Naperville was first settled by New Englanders, but German immigrants were right behind them -- and they brought the beer.
Although Naperville was first settled by New Englanders of Irish and Scottish extraction, a wave of German immigration occurred soon after and they brought their beer-brewing tradition with them.
One of the early brewery operators was Peter Stenger. Peter and his wife Barbara arrived from Bavaria with most of their large family. The oldest daughter, Anna, remained in Bavaria with her husband, but the other nine children immigrated with their parents to America.
Peter Stenger purchased a small brewery already in operation in Naperville and with his sons, built it up into the largest brewery in Naperville. Peter also hired a young master brewer who had been apprenticed in Dortmund and worked as a brewer in several German cities.
This young man impressed Peter with both his brewing and business skills. The legend has it that Peter was so impressed, he encouraged the young man to become a permanent employee of the Stenger Brewery by marrying one of the boss's daughters.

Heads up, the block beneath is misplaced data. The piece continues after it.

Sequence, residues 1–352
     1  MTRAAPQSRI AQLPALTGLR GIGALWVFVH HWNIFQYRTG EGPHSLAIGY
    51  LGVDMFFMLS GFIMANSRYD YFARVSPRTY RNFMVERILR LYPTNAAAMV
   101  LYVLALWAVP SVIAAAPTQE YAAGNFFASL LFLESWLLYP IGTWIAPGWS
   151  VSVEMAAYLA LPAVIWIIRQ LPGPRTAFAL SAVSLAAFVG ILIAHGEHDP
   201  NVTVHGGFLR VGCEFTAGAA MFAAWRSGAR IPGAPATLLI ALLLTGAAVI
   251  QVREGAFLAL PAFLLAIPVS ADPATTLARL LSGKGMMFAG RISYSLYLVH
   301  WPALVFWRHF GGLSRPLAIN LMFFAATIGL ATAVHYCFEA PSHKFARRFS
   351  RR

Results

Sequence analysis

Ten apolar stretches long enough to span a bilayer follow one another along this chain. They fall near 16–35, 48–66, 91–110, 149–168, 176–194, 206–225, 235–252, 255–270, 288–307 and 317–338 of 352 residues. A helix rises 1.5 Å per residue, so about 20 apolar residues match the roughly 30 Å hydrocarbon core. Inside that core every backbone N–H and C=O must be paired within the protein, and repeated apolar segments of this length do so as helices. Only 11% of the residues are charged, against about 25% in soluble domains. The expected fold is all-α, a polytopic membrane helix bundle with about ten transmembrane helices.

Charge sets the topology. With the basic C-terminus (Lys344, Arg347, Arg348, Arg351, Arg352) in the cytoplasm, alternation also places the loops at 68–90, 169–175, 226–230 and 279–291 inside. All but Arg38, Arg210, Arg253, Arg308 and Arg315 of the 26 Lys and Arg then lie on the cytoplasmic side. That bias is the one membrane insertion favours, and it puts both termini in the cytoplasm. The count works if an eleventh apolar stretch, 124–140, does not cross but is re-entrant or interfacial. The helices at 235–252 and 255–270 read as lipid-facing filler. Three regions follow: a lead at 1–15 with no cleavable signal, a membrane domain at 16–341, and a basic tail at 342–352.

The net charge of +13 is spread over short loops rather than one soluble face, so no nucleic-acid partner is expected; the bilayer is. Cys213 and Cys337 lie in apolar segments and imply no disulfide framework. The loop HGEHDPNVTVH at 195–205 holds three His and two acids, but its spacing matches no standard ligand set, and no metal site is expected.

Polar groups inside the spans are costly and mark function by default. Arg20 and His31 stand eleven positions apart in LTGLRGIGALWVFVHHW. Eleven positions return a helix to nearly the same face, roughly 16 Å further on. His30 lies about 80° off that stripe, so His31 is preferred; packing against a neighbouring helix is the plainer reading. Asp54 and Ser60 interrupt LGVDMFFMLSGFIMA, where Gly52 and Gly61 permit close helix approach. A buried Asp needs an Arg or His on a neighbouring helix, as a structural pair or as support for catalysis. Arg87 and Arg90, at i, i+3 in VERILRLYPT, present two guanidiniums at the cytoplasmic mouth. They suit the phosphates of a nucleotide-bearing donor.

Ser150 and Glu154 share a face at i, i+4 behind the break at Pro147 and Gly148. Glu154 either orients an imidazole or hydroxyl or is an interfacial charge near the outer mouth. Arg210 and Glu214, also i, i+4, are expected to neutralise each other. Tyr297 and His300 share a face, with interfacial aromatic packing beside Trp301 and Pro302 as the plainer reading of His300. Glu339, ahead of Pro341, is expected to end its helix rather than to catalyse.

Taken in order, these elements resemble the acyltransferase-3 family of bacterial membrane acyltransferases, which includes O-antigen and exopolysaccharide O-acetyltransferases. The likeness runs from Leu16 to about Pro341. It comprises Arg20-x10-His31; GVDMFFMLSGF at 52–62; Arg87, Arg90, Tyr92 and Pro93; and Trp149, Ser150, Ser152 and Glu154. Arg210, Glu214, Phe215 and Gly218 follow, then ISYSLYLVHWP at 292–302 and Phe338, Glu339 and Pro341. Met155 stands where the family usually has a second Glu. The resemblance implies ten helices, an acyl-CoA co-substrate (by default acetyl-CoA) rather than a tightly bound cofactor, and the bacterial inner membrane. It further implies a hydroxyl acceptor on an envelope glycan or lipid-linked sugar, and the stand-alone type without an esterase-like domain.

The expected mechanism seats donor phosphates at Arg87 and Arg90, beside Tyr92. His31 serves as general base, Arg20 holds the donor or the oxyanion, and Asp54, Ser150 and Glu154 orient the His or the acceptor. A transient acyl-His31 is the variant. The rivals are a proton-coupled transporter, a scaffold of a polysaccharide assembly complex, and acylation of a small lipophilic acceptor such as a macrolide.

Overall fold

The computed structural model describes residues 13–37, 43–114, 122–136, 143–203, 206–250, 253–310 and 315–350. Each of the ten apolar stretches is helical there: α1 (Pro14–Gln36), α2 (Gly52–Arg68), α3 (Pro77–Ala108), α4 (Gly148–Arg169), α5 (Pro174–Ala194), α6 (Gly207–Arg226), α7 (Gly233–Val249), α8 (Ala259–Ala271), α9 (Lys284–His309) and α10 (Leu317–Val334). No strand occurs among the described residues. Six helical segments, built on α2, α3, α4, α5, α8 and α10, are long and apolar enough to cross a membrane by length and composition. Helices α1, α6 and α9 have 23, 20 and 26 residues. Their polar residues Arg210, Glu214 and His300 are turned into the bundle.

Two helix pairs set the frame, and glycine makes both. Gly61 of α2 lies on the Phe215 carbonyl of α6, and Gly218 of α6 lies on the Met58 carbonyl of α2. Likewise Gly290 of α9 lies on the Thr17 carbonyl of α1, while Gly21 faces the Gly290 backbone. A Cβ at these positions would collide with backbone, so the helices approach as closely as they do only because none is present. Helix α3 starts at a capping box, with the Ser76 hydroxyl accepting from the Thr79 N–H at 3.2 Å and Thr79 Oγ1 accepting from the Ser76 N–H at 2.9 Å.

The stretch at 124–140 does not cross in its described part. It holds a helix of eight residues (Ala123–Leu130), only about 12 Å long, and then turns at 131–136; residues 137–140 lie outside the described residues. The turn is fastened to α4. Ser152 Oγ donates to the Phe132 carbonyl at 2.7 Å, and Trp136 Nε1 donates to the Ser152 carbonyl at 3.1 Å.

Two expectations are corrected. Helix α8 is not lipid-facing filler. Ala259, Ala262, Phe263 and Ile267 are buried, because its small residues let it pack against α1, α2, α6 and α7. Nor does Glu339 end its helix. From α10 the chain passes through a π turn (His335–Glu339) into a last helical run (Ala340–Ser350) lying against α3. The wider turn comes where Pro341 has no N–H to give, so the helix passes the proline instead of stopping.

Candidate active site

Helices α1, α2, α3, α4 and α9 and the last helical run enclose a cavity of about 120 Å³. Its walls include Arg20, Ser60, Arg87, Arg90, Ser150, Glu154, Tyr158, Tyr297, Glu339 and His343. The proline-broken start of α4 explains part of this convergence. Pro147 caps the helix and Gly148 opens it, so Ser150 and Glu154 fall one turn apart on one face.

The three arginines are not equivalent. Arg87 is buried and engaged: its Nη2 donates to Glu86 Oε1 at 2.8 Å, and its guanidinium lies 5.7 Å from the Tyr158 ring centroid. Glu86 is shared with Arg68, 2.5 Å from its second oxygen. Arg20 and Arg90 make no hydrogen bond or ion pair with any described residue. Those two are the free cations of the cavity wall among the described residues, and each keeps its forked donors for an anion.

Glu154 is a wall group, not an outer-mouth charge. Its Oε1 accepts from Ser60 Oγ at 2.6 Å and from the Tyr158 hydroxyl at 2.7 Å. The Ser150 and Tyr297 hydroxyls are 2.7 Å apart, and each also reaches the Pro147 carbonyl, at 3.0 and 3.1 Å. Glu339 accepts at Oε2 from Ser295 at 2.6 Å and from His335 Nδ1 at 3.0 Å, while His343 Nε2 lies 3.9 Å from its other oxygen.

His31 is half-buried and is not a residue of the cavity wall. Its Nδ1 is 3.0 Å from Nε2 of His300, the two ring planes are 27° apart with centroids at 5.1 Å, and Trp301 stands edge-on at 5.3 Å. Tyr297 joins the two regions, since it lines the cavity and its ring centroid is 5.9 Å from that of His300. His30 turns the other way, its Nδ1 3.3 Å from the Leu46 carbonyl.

Apparently, the young brewmaster was not interested in becoming Peter's son-in-law, because in 1872 he left Naperville and traveled west to Colorado where he purchased a share in a Denver bottling company. Soon, he acquired the entire company, and by 1873 he had also bought the Golden City Tannery, turning it into the Golden Brewery.
That brewery in Golden, Colorado still brews beer bearing the young brewmaster's name, which was Adolph Coors. Some Illinois folks remember when one couldn't buy Coors beer on this side of the Mississippi, but few remember that he started his American career in the Chicago area.
Adolph Coors died in 1929 at the age of 82 after falling from a Virgina hotel window. Some accounts say it was an accident, but others say it was suicide. The 1929 date is suggestive, but the Crash was still some months off. Perhaps the old brewmaster, forced to manufacture malted milk because of Prohibition, had simply had enough.